It's hard to throw a bottle in California without hitting someone who wants to start a new brewery. No one can predict which fledgling breweries will succeed and which will go the way of all those defunct '90s brewpubs, but there are a few whose odds seem much better than most.
The following three breweries are too new to be household names but have gained a devoted local following. Spoiler alert: their beers live up to the buzz. And if you haven't heard the buzz yet, you will.
Pittsburg/Fairfield (northeast of San Francisco) To a certain breed of homebrewer, Jamil Zainasheff was a rock star brewer before his brewery, Heretic, released its first kegs in mid-2011. His bona fides included hosting a popular radio show on The Brewing Network, co-authoring a book on yeast with White Labs founder Chris White, and winning approximately three bajillion ribbons at homebrew competitions. It's a sad fact that outstanding homebrewers don't always make a smooth transition to commercial brewing, but fingers were crossed all over the world that this one could.
Hate the guy if you must, but Zainasheff and his co-brewer Chris Kennedy have been busting out kegs and bottles that meet those high expectations. The piny red ale Evil Twin begat the chocolately Shallow Grave porter which begat the dank 8% IPA Evil Cousin. Their forays into barrel-aging, like the chardonnay barrel-aged Belgian golden Worry, have also been successful with beer nerds and casual drinkers alike. The only Heretic beer I've ever heard Average Joes diss at the bar—the sessionable, delicious, rye-doused Gramarye—won a gold medal at the Great American Beer Festival a few months ago. So there.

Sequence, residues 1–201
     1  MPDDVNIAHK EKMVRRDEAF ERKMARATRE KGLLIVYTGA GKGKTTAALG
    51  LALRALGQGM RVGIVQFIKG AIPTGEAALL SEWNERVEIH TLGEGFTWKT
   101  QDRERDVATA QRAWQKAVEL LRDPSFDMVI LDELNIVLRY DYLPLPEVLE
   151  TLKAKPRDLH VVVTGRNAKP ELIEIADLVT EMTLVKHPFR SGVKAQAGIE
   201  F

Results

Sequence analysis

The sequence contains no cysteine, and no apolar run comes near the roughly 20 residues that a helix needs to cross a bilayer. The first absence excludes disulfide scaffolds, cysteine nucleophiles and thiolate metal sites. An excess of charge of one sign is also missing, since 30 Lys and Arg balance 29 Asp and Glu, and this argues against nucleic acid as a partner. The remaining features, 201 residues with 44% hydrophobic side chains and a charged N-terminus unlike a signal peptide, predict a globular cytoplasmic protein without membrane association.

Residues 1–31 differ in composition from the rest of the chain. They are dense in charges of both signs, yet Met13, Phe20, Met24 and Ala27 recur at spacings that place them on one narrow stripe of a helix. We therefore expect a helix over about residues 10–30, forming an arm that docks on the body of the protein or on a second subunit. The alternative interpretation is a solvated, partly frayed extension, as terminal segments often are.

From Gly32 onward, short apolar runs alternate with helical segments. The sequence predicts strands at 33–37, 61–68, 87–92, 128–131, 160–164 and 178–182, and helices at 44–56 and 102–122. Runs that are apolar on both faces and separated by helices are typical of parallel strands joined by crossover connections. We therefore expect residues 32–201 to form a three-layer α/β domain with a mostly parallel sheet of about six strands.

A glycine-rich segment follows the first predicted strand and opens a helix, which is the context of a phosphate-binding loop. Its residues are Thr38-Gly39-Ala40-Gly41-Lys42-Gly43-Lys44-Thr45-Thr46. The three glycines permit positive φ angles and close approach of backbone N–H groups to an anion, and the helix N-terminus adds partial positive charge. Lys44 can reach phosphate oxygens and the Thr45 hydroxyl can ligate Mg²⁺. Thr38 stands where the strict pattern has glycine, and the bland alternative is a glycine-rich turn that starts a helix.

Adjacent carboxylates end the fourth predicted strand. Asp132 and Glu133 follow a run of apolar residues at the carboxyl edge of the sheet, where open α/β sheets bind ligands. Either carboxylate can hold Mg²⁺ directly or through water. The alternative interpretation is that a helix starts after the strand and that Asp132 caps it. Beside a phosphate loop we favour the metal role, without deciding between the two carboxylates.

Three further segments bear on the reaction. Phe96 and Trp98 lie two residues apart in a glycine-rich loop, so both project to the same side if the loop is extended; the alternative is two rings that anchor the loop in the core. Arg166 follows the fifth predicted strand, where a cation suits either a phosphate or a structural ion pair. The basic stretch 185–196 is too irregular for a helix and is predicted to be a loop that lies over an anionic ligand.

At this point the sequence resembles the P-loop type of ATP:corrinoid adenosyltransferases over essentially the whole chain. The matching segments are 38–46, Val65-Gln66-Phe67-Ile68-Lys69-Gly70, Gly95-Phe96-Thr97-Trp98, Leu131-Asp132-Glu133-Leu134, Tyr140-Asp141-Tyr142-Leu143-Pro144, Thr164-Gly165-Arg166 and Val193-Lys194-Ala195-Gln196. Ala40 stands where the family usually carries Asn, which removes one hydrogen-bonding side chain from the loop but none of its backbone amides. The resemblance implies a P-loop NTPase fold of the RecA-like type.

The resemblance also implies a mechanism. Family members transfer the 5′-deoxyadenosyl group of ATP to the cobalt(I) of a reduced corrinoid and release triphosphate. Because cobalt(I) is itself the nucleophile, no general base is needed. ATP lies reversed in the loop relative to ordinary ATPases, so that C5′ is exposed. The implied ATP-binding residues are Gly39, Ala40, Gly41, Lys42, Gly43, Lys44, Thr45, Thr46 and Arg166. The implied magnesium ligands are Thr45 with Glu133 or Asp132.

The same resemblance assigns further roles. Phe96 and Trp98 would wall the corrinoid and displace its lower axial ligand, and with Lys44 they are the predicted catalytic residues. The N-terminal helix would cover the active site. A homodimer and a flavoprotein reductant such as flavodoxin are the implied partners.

Heretic's Facebook page is always full of homebrewers clamoring for distribution to their states. They may have a bit of a wait, but Heretic's coming move to a larger brewery will help. In the meantime, you can find their beer all over California, in Idaho, and oddly, in Australia. They're sending a bit of beer to Japan this year to see how that goes.
So what's their secret? "Do it right or don't do it," said Zainasheff, "Dump it if it is wrong." If that's heresy, tie me to a stake.
Sante Adairius Rustic Ales
Capitola (near Santa Cruz) It's easy for a jaded beer fan to roll her eyes at limited-run beers you can only get at a tiny brewery with a weird name. Hear me out, because Sante Adairius, helmed by a married couple named Tim and Adair (get it?) should be on all California beer-drinking radars.
The taps at the Belgian-heavy brewery rotate frequently, so there's no guarantee any particular beer will ever be available. You do have a decent chance of running into their excellent house saison, Anäis (named after a friend's daughter, not the writer). They've also got an it's-so-crazy-it-works smoked saison, Fumare, inspired by speculation about how farmhouse ales might have tasted back in the days of wood-fired wort heating. And You Me is Berliner Weisse with lactobacillus and brettanomyces, a great interpretation of a style many American breweries bungle. There's also a limited bottling program for Sante Adairius' 16e series (beer judge in-joke) and those offerings change often, too. The one available for our visit was Two Pilots, a smooth, lightly tart Belgian golden aged in both Pinot Noir and Chardonnay oak barrels and fermented with wine yeast.